Williams now argues that the decision in Stevens mandates suppression of the DNA evidence and statements obtained from Williams as the fruit of an unconstitutional search (the familial DNA search).

Conclusions of Law

The familial search that occurred in the case at bar was to compare the DNA profile created from the spermatozoa recovered from Ms. Jerome against DNA profiles from all offenders contained in CODIS, including the profiles of Arthur Williams (defendant Williams' brother) and Michael Murray (defendant Williams' nephew). Important to the resolution herein is the fact that the search did not include a search of defendant Williams, as his DNA profile was not contained in the CODIS databank. The search at issue here was the search of Arthur Williams' and Michael Murray's profiles.

Defendant Williams does not have standing to challenge the search of Arthur Williams' or Michael Murray's DNA profiles.

To invoke the exclusionary rule to suppress evidence under the 4th amendment to the US Constitution or the New York Constitution, a defendant must establish that he was the victim of an unlawful search. As the Court of Appeals observed in People v. Wesley (73 NY2d 351, 355 [1989]):

The decision as to who is, or should be, entitled to enforce the prohibition against unreasonable searches and seizures necessarily entails balancing the cost of the loss of probative evidence against the gain in deterring lawless police conduct. Courts in other States have chosen to weigh these factors differently, but in this State, as in the Federal courts, it has long been held that the policy best serving these competing interests is one that—recognizing the rights protected by the Fourth Amendment as personal rights—limits invocation of the exclusionary remedy to persons whose own protection [*3]has been infringed by the search and seizure. (Rakas v. Illinois, 439 U.S. 128, 138, 99 S. Ct. 421, 427, 58 L. Ed. 2d 387; People v. Cefaro, 21 NY2d 252, 287 N.Y.S.2d 371, 234 N.E.2d 423, revd. on rearg. on other grounds 23 NY2d 283, 296 N.Y.S.2d 345, 244 N.E.2d 42; compare, People v. Martin, 45 Cal. 2d 755, 290 P.2d 855.) "In order to qualify as a 'person aggrieved by an unlawful search and seizure' one must have been a victim of a search and seizure, one against whom the search was directed, as distinguished from one who claims prejudice only through the use of evidence gathered as a consequence of a search or seizure directed at someone else." (Jones v. United States, 362 U.S. 257, 261, 80 S. Ct. 725, 731, 4 L. Ed. 2d 697.)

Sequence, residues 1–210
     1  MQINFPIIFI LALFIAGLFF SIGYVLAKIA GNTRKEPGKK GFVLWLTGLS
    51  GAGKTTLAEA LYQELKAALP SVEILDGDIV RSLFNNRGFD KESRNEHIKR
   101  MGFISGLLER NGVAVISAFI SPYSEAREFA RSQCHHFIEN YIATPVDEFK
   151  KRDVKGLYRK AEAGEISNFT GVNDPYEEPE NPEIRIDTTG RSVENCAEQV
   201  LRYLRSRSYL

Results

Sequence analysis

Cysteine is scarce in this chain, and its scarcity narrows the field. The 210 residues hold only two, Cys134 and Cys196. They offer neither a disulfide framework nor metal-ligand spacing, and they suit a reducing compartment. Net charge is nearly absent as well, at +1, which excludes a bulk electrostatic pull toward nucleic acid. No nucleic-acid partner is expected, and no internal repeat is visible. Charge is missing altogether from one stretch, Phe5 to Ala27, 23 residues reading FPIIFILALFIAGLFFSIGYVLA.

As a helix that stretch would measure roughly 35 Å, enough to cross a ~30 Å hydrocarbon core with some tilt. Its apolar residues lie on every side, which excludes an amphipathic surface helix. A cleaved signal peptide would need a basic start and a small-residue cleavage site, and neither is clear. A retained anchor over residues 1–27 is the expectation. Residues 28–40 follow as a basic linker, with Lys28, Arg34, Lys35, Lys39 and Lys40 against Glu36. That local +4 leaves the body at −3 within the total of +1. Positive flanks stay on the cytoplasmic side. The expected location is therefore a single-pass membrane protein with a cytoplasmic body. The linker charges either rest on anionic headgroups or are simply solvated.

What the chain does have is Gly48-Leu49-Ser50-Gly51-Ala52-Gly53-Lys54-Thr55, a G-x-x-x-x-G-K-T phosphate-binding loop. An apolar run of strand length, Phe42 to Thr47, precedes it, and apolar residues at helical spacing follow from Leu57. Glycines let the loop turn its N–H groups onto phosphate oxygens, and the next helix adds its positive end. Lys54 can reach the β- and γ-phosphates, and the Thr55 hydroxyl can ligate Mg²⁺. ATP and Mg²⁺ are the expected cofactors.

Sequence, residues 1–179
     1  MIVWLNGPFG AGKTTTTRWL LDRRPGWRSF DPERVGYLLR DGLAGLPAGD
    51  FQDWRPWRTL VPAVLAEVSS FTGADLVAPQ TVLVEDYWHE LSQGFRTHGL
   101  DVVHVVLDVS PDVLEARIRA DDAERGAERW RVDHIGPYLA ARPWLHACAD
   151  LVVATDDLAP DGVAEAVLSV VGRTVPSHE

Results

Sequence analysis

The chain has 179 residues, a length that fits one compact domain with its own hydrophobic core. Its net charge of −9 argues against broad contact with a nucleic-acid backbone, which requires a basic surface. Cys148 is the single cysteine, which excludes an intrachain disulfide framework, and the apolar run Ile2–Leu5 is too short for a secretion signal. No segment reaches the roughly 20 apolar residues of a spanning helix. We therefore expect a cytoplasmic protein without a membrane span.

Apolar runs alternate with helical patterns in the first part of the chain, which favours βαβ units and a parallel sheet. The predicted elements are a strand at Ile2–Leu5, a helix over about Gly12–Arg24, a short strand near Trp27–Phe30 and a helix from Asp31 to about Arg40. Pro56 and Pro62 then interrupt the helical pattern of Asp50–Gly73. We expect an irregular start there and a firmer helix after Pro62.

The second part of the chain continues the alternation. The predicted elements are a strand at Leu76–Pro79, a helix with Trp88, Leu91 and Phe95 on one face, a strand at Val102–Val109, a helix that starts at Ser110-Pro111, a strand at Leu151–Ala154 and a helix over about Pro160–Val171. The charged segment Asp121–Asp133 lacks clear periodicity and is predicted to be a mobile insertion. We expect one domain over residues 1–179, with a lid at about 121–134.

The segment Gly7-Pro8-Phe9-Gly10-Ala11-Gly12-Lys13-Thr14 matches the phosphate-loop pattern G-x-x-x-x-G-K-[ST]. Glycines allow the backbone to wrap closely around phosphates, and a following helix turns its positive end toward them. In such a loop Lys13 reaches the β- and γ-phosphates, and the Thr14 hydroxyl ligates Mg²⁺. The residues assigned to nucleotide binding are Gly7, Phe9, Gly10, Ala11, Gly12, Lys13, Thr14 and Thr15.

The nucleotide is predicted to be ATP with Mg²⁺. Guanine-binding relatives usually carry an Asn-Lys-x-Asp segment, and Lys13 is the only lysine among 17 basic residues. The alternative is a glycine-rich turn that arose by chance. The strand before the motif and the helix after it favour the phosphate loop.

As the search that was conducted did not impact any privacy right of Defendant Williams, he does not have standing to invoke the exclusionary rule to suppress the statements and the DNA evidence obtained because of the investigative efforts taken after the familial DNA search. Williams cannot assert a personal privacy interest in his relatives DNA profiles.[FN2] (People v. Ponder, 54 NY2d 160 [1981]. See also People v. Ramirez-Portoreal, 88 NY2d 99, 108 [1996]: "A defendant seeking suppression of evidence has the burden of establishing standing by demonstrating a legitimate expectation of privacy in the premises or object searched (People v. Wesley, 73 NY2d 351, 358—359, 540 N.Y.S.2d 757, 538 N.E.2d 76; People v. Reynolds, 71 NY2d 552, 557, 528 N.Y.S.2d 15, 523 N.E.2d 291; People v. Rodriguez, 69 NY2d 159, 513 N.Y.S.2d 75, 505 N.E.2d 586; People v. Ponder, 54 NY2d 160, 445 N.Y.S.2d 57, 429 N.E.2d 735; see, Rawlings v. Kentucky, 448 U.S. 98, 106, 100 S. Ct. 2556, 2562, 65 L. Ed. 2d 633; United States v. Salvucci, 448 U.S. 83, 100 S. Ct. 2547, 65 L. Ed. 2d 619; Rakas v. Illinois, 439 U.S. 128, 99 S. Ct. 421, 58 L. Ed. 2d 387; Katz v. United States, 389 U.S. 347, 88 S. Ct. 507, 19 L. Ed. 2d 576; see generally, 5 LaFave, Search and Seizure § 11.3 [3d ed]).")